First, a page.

"The CIA was well-aware that the assertion of the state secrets privilege as to Brown was a key strategy in getting the case dismissed," Lamberth stated in a previously sealed Feb. 6 ruling, adding that the "misconduct by the government . . . (raises) very serious implications."

Lamberth's action Monday came days after a July 10 legal filing by Assistant Attorney General Tony West in which he said the CIA "regrets" not having informed judges earlier about Brown's changed status.

At the same time, the Justice Department attorneys insisted the name of the CIA's former assistant general counsel should remain secret for fear that his reputation would otherwise be harmed.

Lamberth, however, rejected that argument, releasing the files, demanding an explanation from Tenet and others, and revealing the name of the former assistant general counsel for the CIA, John Radsan.

He also ordered that Tenet, Brown, Radsan and CIA attorneys Jeffrey Yeates, John Rizzo, and Robert T. Eatinger explain their actions.

A Justice Department representative declined to comment Monday. A CIA spokesman told the Associated Press that the agency takes its legal obligations seriously.

Lamberth's ruling brings to the surface a 15-year-old lawsuit that the Justice Department under three administrations has repeatedly tried to bury.

The case was filed by retired Drug Enforcement Administration officer Richard A. Horn in August 1994. Horn accused Huddle, who was then the U.S. charge d'affaires at the U.S. embassy in Rangoon, Burma, and Brown of eavesdropping on his phone conversations while Horn was the DEA's attache in Burma. It was unclear what Brown's position was at the time; he eventually became the head of the CIA's East Asia division.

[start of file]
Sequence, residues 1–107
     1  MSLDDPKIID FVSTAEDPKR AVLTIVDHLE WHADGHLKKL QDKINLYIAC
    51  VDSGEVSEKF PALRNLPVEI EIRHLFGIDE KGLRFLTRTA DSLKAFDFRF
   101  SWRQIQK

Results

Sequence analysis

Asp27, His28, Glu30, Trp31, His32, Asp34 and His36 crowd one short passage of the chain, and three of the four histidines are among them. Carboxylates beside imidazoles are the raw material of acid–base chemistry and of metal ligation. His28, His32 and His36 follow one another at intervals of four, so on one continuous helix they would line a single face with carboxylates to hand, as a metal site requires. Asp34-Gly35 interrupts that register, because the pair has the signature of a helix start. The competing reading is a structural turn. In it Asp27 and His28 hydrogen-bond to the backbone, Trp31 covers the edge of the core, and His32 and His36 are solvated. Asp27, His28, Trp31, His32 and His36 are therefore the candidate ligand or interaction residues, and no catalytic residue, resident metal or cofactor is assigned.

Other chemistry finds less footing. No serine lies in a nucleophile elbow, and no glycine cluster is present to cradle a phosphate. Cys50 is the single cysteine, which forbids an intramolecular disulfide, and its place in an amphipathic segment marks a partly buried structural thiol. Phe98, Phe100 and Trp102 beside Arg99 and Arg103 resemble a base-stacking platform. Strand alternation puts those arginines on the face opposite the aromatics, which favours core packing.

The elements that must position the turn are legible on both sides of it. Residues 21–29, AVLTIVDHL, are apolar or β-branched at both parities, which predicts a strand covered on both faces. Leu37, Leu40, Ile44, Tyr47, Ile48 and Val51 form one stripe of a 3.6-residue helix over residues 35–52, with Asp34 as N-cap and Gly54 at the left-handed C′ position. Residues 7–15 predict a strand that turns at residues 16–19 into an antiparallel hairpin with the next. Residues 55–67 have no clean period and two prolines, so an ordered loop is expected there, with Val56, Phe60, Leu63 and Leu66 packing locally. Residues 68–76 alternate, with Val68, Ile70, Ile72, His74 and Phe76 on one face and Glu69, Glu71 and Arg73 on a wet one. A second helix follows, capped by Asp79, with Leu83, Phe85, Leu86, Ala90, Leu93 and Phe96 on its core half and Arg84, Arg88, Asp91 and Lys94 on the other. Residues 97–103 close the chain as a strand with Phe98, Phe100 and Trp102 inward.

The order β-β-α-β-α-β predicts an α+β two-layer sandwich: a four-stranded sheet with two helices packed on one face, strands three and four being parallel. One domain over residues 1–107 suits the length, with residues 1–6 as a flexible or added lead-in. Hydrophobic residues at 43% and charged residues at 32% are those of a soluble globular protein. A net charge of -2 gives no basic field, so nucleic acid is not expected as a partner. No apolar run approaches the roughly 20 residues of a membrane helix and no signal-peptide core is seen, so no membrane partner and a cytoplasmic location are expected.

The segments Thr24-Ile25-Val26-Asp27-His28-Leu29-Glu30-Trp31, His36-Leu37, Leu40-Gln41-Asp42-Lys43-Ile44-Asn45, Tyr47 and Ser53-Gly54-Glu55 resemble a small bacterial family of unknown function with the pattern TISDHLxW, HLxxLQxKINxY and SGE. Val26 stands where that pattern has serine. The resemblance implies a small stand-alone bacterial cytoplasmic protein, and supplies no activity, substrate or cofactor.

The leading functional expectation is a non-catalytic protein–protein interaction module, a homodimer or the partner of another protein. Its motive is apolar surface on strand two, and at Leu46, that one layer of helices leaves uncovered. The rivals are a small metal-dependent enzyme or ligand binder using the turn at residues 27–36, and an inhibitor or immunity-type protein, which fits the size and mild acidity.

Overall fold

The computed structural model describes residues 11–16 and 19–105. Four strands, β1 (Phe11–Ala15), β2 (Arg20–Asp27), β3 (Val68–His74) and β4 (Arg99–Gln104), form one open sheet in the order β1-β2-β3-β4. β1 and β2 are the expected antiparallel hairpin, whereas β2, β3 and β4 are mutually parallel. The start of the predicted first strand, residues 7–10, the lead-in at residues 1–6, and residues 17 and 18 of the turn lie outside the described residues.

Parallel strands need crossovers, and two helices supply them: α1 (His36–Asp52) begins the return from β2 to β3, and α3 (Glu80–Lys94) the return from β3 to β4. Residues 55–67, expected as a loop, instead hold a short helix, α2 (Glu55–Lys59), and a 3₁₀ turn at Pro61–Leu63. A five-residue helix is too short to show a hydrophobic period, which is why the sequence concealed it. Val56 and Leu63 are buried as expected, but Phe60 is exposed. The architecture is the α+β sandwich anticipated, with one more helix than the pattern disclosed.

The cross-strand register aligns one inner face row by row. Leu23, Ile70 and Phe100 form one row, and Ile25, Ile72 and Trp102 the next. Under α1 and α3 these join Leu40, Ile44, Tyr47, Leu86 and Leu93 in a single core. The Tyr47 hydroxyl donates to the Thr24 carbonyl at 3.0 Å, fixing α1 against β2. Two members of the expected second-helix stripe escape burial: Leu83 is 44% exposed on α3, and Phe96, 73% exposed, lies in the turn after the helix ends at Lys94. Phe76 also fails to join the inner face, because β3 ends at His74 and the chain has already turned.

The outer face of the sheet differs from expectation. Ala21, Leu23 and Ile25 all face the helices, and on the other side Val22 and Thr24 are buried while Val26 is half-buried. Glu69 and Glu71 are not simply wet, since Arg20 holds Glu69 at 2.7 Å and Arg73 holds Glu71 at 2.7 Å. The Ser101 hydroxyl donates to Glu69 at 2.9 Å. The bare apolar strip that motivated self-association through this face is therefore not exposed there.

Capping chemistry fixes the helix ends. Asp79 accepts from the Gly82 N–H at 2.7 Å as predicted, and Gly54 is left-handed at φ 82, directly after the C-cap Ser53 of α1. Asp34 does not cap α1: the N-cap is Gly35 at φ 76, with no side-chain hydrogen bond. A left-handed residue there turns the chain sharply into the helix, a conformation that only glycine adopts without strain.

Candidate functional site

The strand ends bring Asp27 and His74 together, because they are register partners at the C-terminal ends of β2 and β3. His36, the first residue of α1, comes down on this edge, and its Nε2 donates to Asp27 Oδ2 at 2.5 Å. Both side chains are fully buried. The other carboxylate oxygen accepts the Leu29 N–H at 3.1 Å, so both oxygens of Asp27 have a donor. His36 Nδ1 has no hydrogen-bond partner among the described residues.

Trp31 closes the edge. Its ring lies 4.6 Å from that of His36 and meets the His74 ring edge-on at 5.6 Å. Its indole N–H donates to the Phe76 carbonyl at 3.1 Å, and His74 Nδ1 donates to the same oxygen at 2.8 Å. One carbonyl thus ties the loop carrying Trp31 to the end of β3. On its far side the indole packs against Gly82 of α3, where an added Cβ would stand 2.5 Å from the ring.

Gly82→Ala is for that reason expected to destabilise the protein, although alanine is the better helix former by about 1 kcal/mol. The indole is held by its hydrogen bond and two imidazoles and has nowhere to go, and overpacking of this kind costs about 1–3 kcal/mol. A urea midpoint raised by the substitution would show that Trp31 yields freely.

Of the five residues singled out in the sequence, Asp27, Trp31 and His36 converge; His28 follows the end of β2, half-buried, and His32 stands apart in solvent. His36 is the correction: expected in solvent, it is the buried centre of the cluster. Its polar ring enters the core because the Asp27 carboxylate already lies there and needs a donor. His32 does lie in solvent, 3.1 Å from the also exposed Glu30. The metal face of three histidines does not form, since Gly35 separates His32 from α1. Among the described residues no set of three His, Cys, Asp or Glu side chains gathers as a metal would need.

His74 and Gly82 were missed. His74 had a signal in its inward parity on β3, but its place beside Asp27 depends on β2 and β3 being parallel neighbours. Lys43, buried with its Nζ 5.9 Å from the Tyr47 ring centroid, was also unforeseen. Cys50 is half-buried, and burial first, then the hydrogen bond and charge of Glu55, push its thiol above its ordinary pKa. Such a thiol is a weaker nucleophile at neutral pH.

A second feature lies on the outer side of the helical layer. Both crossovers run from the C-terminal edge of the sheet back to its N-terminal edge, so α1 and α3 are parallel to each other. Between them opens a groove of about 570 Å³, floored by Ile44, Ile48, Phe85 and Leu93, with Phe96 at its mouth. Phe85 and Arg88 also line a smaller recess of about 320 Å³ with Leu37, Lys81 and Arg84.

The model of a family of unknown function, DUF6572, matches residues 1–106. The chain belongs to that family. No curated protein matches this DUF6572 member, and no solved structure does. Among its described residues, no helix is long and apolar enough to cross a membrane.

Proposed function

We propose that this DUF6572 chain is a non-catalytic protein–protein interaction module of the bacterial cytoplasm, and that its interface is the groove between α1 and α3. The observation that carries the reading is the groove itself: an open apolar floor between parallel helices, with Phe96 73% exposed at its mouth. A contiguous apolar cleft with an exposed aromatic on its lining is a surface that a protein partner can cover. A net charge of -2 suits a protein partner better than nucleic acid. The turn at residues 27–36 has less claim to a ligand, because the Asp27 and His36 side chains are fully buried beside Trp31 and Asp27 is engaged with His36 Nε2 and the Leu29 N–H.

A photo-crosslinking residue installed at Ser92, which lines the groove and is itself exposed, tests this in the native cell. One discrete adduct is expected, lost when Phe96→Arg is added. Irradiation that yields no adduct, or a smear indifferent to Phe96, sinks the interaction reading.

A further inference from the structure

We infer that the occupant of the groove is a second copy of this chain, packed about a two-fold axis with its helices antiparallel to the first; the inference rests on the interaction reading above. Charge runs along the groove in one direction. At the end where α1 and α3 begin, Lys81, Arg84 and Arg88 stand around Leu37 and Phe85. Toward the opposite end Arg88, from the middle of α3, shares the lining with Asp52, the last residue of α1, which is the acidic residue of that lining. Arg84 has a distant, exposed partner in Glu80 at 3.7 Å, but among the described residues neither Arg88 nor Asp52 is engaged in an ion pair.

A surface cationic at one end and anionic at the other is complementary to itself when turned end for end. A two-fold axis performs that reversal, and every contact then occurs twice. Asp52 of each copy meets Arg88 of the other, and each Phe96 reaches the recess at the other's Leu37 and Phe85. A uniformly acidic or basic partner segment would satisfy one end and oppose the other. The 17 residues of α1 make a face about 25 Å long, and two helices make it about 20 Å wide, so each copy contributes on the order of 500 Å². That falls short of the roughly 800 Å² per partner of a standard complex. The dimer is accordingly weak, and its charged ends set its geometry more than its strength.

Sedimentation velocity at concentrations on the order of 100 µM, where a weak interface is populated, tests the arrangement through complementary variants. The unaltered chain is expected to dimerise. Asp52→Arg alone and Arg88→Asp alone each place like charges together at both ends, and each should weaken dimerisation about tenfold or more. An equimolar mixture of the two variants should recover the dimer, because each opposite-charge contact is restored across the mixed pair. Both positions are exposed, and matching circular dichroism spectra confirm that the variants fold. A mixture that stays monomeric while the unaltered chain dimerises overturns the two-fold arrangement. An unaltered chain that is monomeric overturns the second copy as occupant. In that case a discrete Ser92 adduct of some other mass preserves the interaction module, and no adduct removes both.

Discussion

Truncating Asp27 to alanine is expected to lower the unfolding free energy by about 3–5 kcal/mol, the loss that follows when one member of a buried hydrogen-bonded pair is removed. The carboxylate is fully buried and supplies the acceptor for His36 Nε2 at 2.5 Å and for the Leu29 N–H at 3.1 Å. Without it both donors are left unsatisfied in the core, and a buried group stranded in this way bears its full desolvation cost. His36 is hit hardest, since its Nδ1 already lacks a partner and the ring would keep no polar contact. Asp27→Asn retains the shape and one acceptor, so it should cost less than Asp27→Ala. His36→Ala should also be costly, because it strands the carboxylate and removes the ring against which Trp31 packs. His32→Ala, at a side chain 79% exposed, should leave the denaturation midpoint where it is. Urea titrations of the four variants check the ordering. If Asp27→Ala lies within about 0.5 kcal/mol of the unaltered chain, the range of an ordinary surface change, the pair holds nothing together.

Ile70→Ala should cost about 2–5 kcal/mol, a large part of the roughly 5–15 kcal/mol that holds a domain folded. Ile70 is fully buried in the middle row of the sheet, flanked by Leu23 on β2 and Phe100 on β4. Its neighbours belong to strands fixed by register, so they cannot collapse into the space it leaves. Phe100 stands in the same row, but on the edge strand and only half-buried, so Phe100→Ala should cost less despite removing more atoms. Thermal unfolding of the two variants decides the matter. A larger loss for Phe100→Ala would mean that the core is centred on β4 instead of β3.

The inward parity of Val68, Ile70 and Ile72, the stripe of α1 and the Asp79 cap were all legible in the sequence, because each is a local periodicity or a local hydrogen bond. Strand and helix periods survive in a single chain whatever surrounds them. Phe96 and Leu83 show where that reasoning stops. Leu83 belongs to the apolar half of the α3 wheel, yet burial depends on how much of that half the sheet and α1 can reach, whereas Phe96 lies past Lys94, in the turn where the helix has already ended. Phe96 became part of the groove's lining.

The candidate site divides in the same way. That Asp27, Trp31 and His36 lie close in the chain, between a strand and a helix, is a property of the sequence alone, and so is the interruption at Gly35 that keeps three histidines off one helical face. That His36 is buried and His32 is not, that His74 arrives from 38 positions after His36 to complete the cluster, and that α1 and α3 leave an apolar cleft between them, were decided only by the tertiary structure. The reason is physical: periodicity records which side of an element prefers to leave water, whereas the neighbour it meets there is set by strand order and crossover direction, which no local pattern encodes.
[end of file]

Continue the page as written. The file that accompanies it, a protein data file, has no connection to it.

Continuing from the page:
Horn and Huddle had a strained relationship, as diplomats and DEA drug-fighters pursued different agendas. In one legal filing, Horn claimed he wanted "the truth (concerning) Burma's drug enforcement efforts, which were substantial, be told to the U.S. Congress and the executive branch; whereas the (State Department) and CIA . . . desired to deny Burma any credit for its drug enforcement efforts."

Horn thought that Huddle was trying to force him out of the country. Horn said he found proof of the eavesdropping in a cable Huddle sent to Washington.

"Horn shows increasing signs of evident strain," Huddle's Aug. 13, 1993, cable read. "Late last night, for example, he telephoned his junior agent to say that 'I am bringing the whole DEA operation down here. You will be leaving with me.'"

Huddle claimed that he'd simply overheard other embassy officials discuss Horn's telephone conversation.

Brian Leighton, Horn's attorney and a former federal prosecutor, called Lamberth's decision "hugely significant."

He recalled that pursuing the case has been a struggle, requiring him to obtain a security clearance. "Sometimes, when I've filed a brief, it will come back with only one word not redacted," Leighton said. "Once, that word was 'the.'"

Monday he said Lamberth's decision was a victory, though the case has yet to be tried.

"Why is the government trying to hide (expletive) like this from us?" Leighton asked. "Why in the hell was this case sealed for so long?"